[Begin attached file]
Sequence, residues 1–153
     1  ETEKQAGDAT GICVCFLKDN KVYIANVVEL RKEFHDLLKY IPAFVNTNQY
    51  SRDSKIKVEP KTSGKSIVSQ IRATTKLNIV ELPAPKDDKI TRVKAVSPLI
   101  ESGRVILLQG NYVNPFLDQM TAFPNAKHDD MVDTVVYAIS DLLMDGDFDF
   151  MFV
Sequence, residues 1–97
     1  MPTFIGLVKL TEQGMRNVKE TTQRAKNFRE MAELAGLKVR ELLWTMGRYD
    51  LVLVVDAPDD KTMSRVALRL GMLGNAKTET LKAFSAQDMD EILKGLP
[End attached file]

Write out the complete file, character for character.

Sequence, residues 1–153
     1  ETEKQAGDAT GICVCFLKDN KVYIANVVEL RKEFHDLLKY IPAFVNTNQY
    51  SRDSKIKVEP KTSGKSIVSQ IRATTKLNIV ELPAPKDDKI TRVKAVSPLI
   101  ESGRVILLQG NYVNPFLDQM TAFPNAKHDD MVDTVVYAIS DLLMDGDFDF
   151  MFV
Sequence, residues 1–97
     1  MPTFIGLVKL TEQGMRNVKE TTQRAKNFRE MAELAGLKVR ELLWTMGRYD
    51  LVLVVDAPDD KTMSRVALRL GMLGNAKTET LKAFSAQDMD EILKGLP